Cancer risk 'could be cut through exercise'

Recent research has revealed that women could reduce their chances of developing endometrial cancer by taking regular exercise.

Conducted by scientists at Yale School of Public Health, the study found that women who performed 2.5 hours or more of exercise that was of moderate to vigorous intensity reduced their risk of developing the cancer by 34 per cent when compared to their peers who did very little exercise.

The difference in risk was even greater between active women with a body mass index (BMI) of less than 25 and inactive women with a BMI of 25 or above.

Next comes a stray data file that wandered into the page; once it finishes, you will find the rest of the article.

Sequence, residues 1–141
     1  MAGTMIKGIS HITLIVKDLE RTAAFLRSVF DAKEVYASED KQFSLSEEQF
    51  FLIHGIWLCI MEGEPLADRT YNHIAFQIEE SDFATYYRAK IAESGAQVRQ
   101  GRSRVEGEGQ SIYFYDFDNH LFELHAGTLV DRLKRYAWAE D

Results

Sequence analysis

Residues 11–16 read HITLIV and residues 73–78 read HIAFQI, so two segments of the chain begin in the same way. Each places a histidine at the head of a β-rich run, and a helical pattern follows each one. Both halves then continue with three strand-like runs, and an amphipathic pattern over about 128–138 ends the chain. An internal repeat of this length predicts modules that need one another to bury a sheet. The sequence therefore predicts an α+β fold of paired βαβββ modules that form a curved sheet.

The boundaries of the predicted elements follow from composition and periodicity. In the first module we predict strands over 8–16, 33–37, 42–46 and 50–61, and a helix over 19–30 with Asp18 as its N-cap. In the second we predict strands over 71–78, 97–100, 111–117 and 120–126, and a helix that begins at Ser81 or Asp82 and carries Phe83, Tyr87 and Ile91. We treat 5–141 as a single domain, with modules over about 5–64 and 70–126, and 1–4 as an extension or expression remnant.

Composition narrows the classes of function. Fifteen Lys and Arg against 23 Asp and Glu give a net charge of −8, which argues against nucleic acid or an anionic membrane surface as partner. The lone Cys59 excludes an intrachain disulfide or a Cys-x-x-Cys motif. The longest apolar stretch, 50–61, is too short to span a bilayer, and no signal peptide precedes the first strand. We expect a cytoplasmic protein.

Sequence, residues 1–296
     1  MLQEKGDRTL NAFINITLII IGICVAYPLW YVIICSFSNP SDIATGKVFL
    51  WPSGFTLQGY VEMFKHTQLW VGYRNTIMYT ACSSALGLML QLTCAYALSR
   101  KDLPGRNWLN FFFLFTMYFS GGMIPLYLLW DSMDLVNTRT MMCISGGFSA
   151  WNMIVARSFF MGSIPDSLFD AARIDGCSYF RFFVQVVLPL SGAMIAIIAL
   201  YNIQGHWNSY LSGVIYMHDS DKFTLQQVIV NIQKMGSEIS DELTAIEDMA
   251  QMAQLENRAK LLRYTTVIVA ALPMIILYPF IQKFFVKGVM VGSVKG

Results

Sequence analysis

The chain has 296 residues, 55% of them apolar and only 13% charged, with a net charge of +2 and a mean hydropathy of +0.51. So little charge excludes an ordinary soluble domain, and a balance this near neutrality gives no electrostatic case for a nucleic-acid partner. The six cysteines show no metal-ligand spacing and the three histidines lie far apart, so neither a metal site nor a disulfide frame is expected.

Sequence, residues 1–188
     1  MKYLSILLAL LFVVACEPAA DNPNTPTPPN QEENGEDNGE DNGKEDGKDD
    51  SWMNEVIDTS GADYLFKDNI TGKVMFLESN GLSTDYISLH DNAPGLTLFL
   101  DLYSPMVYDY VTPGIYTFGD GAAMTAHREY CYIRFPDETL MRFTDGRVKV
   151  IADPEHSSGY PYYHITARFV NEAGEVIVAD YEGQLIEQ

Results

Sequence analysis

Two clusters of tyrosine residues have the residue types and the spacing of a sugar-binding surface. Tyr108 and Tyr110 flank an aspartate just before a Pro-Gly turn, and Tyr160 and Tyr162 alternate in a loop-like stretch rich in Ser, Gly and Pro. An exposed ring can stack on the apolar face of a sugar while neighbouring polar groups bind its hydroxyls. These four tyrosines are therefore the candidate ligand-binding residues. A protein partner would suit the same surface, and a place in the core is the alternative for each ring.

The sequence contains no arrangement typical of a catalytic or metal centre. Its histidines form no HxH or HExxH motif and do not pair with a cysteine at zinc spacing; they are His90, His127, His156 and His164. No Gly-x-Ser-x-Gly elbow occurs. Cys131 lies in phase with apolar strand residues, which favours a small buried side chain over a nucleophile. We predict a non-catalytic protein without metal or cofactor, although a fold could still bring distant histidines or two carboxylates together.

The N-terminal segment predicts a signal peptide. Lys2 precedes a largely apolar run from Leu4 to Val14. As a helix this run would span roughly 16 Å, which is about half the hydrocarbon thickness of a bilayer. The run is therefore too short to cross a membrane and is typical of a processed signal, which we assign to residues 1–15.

Indeed, the thinner, more active females were 73 per cent less likely to develop the cancer.

Hannah Arem, doctoral student at the university and one of the paper's authors, commented: "These findings show the importance of physical activity in reducing risk of endometrial cancer."

She advised: "Public health programs should encourage physical activity for those who have the highest risk of endometrial cancer, including women who are overweight and obese."

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Cancer risk 'could be cut through exercise'
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